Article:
Watched any baseball games on TV lately, and seen a fan run on the field? I doubt it.
That's because somewhere along the line, the TV folks, in their infinite wisdom, decided showing such things would encourage more fans to do the same. Evidently, they reason some folks will do just about anything to get on TV, and if they don't beam it to the masses sitting home in front of their boob tubes, people will eventually realize the futility of it, stay in their seats at the stadium like good little robots, and truth, justice, and the American way will prevail once again.
They're wrong. It's stilll going to happen here and there.
A scenario: Joe Fan has been struggling trying to make ends meet in a lousy economy. He finally saved up enough bucks to go to a game with his significant other. After parking, tickets, programs, pretzels, hot dogs, ice cream, and a couple beers, he's pretty well tapped out. Thoughts of ramen noodles and turning off the AC at home for the next month are dancing through his head.
He's been slowly gettting cooked by the sun in 95 degree weather, his team is hopelessly out of contention for any playoffs, and they're getting pummeled once again at home. His date is telling him what a klutz he is for this stupid idea in the first place, and now, ramen noodles be damned, he wants one more beer. After trudging all the way back to the concession stand, he discovers they cut off beer sales at the end of the last inning. Back to his seats he goes, where his beloved informs him that any idiot knows you can't buy beer after the 8th inning.
At that point in time, a capillary pops in his brain, and he charges onto the field. Being on TV is the last thing on whatever's left of this poor guy's mind. Then again, maybe he's thinking that whatever interrogation room he winds up in will be air-conditioned. Anything to get out of the heat, and it DID get him away from that unappreciative shrew. Let her cook for another couple hours and find her own way home. Who knows what lurks in such hearts and minds?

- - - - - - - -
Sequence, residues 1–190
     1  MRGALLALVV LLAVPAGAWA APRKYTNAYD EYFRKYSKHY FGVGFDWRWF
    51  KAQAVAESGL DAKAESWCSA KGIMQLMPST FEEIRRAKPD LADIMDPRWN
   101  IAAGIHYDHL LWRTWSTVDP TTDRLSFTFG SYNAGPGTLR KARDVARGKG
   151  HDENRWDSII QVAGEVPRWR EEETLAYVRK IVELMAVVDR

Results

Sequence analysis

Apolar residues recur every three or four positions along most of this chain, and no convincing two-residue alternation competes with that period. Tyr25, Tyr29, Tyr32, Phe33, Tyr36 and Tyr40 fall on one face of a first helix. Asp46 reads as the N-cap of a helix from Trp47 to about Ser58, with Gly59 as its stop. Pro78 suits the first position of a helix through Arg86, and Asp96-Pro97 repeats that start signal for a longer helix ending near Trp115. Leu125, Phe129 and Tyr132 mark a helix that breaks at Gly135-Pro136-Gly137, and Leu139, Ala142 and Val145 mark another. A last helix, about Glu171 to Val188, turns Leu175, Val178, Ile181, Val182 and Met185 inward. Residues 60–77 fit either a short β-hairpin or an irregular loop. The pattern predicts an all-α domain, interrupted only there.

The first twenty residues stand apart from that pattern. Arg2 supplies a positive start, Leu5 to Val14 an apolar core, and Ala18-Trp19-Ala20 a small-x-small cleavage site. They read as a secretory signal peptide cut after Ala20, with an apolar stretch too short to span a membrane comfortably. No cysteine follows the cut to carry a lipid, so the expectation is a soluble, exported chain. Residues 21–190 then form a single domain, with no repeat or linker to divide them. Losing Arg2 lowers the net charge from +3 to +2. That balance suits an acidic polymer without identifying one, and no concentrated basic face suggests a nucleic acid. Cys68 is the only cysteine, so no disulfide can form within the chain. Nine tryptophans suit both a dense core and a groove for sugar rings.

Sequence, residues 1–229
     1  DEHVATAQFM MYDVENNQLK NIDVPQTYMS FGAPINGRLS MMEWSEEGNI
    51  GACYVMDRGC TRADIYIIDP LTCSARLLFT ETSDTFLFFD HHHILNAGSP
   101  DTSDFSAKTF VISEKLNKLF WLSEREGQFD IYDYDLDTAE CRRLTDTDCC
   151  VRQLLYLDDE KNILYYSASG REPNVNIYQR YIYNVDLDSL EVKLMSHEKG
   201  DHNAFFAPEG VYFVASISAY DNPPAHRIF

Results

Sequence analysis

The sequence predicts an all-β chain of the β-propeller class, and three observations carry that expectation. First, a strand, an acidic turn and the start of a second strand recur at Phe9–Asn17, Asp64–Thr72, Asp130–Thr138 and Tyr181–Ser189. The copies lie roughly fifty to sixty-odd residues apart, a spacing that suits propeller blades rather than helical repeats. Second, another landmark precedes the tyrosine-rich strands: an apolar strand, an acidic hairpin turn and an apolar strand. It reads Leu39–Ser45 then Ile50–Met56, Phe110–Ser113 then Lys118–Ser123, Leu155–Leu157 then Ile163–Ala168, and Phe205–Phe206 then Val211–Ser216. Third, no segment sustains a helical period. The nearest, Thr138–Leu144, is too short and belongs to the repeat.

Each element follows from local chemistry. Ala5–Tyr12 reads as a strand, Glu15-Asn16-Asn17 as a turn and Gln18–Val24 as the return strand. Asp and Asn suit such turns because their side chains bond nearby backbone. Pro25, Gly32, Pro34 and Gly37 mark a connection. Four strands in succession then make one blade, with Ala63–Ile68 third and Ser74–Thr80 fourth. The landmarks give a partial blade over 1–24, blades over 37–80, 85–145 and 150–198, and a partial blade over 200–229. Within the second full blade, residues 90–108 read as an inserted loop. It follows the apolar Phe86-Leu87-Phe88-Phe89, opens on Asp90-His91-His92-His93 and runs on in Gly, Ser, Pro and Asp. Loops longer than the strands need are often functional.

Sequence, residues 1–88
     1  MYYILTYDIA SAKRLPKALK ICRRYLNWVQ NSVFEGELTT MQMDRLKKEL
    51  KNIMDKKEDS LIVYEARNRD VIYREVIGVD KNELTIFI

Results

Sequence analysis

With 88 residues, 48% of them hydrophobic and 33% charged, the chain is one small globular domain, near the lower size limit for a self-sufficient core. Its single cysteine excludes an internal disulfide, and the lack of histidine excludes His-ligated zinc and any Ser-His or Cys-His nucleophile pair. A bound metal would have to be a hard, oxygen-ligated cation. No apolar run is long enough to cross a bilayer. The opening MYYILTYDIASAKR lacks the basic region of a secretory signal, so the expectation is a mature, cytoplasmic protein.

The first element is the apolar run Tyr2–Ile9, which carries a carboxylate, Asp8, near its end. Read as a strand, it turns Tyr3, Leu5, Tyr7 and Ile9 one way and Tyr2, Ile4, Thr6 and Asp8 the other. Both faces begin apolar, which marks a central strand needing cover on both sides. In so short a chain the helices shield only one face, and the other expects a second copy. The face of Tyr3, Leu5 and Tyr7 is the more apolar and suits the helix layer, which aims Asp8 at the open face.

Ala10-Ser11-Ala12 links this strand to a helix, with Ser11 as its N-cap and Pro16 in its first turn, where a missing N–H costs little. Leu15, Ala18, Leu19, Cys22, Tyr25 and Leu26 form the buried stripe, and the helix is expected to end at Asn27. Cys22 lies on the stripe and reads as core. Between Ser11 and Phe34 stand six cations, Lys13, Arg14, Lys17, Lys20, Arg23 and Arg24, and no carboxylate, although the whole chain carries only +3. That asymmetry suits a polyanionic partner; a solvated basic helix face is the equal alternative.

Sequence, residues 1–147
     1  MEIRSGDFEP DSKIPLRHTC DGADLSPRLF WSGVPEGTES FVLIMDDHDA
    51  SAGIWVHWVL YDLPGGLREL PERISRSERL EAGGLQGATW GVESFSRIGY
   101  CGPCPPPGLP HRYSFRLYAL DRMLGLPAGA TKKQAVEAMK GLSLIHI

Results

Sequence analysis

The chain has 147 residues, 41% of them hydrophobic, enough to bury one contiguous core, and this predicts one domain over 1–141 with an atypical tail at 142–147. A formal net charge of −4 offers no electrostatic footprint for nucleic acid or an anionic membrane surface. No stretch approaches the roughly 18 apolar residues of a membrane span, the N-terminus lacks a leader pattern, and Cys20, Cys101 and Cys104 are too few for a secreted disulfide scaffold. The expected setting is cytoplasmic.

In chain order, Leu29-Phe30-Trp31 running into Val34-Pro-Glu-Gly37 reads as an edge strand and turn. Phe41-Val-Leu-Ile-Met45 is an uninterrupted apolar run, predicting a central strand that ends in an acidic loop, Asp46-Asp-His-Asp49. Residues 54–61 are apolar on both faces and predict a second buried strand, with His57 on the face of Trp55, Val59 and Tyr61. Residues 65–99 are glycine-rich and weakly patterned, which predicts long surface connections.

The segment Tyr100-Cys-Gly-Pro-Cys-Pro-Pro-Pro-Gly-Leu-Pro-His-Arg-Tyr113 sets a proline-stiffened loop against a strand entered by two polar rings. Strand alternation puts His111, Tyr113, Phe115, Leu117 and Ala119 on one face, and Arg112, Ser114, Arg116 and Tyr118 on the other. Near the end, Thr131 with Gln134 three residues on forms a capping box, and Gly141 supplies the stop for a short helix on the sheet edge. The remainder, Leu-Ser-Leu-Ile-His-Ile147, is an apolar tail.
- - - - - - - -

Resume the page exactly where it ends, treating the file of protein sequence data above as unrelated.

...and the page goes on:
The point is, while all this is going on, what do we see at home? The cameras will zero in on the players, who often seem amused at whatever this guy is doing, while a pack of typically overweight security guards chase him around. (The Mike Curtis attitude -- the linebacker that absolutely blasted a fan that dared run onto the field -- is a relic of the past. These days people want entertainment wherever they can find and afford it). The TV folks will pan the crowd, and we can watch them pointing, smiling, and laughing at the unexpected show. They're loving it.
But we don't get to see it on the tube. That's just wrong.
These guys pose no threat to anybody.
It holds up the game? Puh-leeze. When you get the pitchers to stop shaking off 4 signs when they only know how to throw 2 pitches, and the batters to stop stepping out of the batter's box after every pitch, to unfasten and refasten velcro, scratch, stretch, take a couple practice swings, say a little prayer, and re-check the signs from the 3rd base coach -- then maybe that argument will hold water.They go through more worthless details than a Tom Clancy book. What's next? Tweets?
If a fan wants to run on the field and have a little fun, then why not? A lot of times it's a lot more entertaining than the game itself.
And people at home that sat through an entire boring ball game should be able to see it -- dammit.
Maybe I'll run on the field someday.. It's not about getting on TV. I couldn't care less about that. Tolerating a woman giving me a hard time? Take a number. Even ramen noodles and/or mac and cheese aren't so bad when times are tough. You get used to it. There's just one thing holding me back.
I WOULD like to keep the AC on for another month or so.